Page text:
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Friday, December 15, 2006

Wanted: Open Source solution architects

There is a gaping hole in the open source commercialization eco-system. And, by “commercialization”, I don’t mean that in a negative “selling out” manner, but rather in leveraging the greatness of open source to solve real-world business problems. There are a large and growing number of technical experts driving the open source projects and the innovations therein. This started as a grass-roots movement, as many significant innovations and paradigm shifts do, and continues to cross from innovators and early adopters toward the mainstream. But, the open source “movement” still has its detractors.

Typical comments I hear all the time (from CxO’s):

“It’s geek stuff, not real code that is ready for the enterprise. I would never bet my business on it.”

“The code is developed by people all over the world who never see each other. And anyone with bad intentions has total visibility into the code. That doesn’t sound too safe to me.”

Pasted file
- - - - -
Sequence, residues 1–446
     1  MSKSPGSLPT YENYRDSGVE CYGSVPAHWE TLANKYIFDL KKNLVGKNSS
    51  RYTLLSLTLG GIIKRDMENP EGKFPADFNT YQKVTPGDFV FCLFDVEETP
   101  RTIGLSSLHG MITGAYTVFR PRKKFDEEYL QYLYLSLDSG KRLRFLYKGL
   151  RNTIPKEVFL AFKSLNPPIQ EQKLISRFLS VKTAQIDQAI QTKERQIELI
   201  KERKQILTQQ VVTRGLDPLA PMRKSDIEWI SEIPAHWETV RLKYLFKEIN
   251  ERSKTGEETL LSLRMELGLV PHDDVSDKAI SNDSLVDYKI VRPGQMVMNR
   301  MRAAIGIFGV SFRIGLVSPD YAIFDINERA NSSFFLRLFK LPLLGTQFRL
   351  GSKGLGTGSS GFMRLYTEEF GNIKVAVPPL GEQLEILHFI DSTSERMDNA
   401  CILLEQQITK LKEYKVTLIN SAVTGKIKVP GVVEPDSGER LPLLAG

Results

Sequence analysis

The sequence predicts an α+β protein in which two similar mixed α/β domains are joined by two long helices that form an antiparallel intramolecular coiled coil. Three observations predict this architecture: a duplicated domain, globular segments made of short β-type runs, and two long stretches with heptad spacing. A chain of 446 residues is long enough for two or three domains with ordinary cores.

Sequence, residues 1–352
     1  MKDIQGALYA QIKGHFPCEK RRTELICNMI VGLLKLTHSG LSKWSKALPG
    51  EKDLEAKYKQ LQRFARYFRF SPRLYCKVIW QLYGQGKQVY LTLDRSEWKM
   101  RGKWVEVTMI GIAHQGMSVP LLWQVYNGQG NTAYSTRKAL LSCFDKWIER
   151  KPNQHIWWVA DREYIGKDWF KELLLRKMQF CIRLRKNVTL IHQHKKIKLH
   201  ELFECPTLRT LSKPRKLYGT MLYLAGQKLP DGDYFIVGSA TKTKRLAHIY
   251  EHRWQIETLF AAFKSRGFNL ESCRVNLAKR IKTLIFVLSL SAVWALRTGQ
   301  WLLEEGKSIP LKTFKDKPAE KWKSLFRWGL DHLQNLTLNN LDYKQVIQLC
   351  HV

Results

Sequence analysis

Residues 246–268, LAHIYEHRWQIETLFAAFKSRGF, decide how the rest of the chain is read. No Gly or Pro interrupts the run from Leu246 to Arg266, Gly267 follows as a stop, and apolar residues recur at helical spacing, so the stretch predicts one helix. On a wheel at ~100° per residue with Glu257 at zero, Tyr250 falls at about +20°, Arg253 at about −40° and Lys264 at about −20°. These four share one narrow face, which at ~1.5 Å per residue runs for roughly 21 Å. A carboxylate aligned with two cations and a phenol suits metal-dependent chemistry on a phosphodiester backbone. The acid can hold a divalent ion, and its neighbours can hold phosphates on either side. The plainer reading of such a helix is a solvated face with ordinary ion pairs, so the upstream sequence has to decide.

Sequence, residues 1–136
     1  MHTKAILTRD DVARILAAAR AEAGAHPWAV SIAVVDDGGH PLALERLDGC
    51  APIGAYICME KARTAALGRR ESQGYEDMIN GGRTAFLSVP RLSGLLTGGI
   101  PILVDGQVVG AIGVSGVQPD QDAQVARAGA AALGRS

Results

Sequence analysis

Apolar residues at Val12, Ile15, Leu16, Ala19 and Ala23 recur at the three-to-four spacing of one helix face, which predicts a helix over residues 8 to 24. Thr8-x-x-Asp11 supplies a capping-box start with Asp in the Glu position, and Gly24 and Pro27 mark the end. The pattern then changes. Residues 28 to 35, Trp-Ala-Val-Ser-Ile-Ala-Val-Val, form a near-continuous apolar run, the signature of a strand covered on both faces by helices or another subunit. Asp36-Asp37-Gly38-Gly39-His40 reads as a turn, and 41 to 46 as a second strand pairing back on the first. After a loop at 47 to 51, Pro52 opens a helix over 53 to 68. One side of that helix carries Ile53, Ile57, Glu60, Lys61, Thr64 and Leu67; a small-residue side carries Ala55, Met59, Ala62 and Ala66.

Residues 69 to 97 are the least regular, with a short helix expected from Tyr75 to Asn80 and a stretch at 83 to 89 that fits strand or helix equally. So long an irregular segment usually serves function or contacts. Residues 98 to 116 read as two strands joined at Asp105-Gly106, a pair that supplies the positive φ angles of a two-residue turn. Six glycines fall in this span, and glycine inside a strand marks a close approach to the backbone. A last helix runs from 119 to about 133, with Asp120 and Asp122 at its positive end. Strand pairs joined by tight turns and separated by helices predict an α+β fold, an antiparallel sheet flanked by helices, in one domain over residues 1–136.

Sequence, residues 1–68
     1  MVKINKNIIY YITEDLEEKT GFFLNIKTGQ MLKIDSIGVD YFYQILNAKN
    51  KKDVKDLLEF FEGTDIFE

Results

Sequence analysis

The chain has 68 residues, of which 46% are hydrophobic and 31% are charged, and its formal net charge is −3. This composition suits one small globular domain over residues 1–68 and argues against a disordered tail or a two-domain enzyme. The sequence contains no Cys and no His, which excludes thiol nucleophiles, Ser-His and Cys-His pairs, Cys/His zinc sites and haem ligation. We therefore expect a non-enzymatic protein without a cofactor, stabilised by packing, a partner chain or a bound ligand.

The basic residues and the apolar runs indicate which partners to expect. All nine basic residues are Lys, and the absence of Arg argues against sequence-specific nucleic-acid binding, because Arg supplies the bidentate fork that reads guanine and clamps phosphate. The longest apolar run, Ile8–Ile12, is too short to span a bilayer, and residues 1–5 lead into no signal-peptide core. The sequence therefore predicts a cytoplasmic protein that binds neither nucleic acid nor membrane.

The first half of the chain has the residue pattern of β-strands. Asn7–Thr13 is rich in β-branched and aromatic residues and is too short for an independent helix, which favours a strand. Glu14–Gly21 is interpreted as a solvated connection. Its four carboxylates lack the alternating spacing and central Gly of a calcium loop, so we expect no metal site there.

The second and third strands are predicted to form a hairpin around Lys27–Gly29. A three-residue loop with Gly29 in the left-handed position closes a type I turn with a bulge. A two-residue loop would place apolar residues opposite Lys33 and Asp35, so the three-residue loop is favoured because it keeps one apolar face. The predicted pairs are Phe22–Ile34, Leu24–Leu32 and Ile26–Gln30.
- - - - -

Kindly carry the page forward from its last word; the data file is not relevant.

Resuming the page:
“Who owns any of this stuff, and where would I turn if I had any questions or problems?”

Of course, those comments come from people who are misinformed. However, since perception is “reality” in many spheres of life, the challenge is to overcome those false perceptions.

So, while the technical merits of many open source projects are driving acceptance amongst IT folks, what is also needed is a commensurate “communication” push at the executive level. In other words, drive the value articulation of open source both from the bottom-up and the top down. But, to do it “top down” requires a rare skill set. This is what I call the “open source solution architect”.


An open source solution architect not only understands the open source space inside and out, but also knows the particular business space. By business space, I mean a selected vertical industry such as telecommunications, hospitality, transportation, financial services, public sector, and so-on. So, this solution architect understands the business (the players, their challenges, their success criteria, etc.) and can speak at a CxO level. This person can go toe-to-toe with any CIO and articulate how open source can help them solve pressing business challenges and enable new business opportunities. Although growing in number, the people with these skills are still few and far between.

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